Marcus Ericsson Takes the Gloves Off to Win Indianapolis 500

The Indianapolis 500 came down to the final two laps. After Jimmie Johnson crashed out with four laps to go, IndyCar pulled out the red flag to freeze the field and give drivers a chance to race to the checkered flag. Marcus Ericcson might not have been happy to see the red flag come out and cost him a comfortable lead, but it gave him another chance to fight for the win.

That he did, keeping the Arrow McLaren SP driver of Pato O’Ward at bay to give Chip Ganassi his fifth Indy 500 win. He’s also only the second Swedish winner of the race, with the former F1 driver bringing a global audience to the Greatest Spectacle in Racing.

“I can’t believe it. I’m so happy,” Ericcson exclaimed, after his car was lifted to the raised victory lane and drank the celebratory milk.”

“I was praying so hard there was not going to be another yellow, but I knew there was probably going to be one,” Ericsson added about the final laps. After the red flag, he said, “it was hard to re-focus, but I knew the car was amazing. But it was still hard, you know? I had to do everything there and then to keep them behind. I felt you can never take anything for granted, and obviously there was two laps to go.”

Pato O’Ward wasn’t able to get around Ericcson, although he looked to his outside going into Turn 1 on the final lap before the field took the final corner under caution following Sage Karam’s spin.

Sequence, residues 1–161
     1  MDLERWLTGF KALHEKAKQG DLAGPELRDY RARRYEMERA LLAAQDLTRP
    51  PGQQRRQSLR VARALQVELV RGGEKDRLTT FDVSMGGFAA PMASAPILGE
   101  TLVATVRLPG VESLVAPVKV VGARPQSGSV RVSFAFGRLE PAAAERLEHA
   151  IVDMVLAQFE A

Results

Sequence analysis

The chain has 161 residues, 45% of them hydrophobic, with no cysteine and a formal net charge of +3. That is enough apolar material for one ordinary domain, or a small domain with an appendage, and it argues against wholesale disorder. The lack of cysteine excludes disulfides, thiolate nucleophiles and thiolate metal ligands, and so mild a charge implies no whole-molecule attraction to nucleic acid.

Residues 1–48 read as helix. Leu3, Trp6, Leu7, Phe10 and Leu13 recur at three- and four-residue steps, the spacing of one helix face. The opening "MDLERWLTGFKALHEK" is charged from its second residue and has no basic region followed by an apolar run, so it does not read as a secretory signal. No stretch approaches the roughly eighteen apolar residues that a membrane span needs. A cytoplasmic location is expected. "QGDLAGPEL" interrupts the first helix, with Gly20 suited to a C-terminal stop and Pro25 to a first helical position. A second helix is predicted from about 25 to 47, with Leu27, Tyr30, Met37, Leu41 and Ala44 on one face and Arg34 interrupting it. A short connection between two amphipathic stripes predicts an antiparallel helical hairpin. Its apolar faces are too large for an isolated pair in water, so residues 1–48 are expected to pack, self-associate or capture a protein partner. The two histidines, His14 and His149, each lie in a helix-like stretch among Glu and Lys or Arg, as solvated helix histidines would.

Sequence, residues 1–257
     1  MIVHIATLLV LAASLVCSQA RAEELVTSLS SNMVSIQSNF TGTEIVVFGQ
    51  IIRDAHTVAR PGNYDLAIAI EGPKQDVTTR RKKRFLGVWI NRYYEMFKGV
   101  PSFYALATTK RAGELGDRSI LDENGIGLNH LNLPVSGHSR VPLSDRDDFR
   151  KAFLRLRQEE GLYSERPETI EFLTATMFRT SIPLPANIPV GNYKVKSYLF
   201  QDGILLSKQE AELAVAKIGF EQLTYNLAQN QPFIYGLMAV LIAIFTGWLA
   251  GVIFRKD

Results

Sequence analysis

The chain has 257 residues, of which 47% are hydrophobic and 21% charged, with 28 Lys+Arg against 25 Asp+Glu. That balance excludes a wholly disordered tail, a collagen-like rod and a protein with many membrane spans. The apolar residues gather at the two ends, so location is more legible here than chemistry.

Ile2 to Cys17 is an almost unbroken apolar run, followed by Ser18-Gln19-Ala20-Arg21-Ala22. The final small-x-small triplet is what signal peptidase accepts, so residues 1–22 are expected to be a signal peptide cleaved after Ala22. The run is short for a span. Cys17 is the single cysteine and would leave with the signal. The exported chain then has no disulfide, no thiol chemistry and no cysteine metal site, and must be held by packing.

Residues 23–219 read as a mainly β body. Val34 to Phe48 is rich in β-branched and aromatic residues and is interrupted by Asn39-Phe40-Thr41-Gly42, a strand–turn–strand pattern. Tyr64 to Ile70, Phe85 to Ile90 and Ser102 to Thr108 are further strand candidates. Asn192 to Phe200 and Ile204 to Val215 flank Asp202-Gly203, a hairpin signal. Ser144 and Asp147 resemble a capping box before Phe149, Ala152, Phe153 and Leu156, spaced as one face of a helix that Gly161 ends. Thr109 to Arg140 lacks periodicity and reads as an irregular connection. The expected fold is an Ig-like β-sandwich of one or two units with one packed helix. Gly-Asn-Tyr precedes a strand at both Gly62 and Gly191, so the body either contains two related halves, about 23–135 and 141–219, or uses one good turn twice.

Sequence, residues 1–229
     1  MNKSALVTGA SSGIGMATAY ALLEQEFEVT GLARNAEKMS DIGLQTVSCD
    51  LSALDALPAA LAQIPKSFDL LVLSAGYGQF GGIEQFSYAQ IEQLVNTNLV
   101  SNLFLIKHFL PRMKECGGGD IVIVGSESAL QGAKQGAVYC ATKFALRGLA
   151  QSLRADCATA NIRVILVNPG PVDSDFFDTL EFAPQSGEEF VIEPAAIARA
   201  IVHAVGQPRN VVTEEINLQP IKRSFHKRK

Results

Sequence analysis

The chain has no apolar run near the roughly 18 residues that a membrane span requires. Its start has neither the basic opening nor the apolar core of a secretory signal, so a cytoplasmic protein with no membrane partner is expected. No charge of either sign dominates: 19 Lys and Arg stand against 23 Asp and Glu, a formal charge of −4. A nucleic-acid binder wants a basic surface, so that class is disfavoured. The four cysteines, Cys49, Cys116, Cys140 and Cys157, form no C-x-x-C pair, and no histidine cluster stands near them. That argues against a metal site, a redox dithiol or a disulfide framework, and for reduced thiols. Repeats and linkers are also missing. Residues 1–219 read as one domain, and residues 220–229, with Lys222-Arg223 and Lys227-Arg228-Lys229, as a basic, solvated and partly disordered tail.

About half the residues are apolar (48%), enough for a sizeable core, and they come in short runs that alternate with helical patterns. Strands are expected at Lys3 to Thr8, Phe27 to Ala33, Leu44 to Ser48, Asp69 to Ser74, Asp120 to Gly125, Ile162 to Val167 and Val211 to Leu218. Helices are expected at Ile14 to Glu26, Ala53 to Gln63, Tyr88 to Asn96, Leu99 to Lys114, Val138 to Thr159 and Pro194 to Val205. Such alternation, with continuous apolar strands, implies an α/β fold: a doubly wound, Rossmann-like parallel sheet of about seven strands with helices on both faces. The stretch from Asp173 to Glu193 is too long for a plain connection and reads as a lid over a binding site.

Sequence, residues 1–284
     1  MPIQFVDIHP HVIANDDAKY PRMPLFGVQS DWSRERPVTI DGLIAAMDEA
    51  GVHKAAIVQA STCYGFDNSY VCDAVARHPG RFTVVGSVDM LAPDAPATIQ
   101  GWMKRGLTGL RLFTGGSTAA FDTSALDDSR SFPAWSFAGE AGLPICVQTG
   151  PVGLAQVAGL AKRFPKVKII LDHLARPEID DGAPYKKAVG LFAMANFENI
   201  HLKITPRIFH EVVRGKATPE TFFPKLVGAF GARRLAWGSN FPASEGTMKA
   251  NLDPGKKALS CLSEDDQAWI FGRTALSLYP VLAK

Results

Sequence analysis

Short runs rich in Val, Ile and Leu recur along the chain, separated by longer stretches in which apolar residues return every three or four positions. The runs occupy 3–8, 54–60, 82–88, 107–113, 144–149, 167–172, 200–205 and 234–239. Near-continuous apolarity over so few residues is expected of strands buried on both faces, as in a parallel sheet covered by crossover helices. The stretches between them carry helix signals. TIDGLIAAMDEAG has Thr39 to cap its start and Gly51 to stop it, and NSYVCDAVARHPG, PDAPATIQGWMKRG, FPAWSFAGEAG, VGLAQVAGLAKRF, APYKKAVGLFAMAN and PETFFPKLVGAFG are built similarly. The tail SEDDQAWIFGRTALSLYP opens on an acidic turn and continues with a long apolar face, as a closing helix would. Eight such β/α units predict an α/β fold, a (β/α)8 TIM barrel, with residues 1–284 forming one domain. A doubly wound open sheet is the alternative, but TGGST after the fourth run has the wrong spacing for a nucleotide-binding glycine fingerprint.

He wasn’t too unhappy that his move wouldn’t stick. “He was going to put me in the wall if I would have gone for it,” O’Ward said of the pass. “I’m so proud of my team and so proud of myself,” he added.

Tony Kanaan crossed the line in third for Chip Ganassi, followed by McLaren’s Felix Rosenqvist who’d run with his teammate throughout much of the middle of the race. Alexander Rossi rounded out the top five.

Scott Dixon, who was in control of much of the rest of the race, was caught for speeding in the final round of pitstops and was given a drive-through penalty. He finished back in twenty-first.

Chip Ganassi Racing cars were the class of the field all day. “It’s one team, everybody roots for everybody else, everybody works together, and everybody is an open book,” team owner Ganassi said. “You’re going to have things happen in these 500-mile races and they’re not always going to fall your way. So, you know, we were lucky to have five good cars and five good drivers.”

Owen Johnson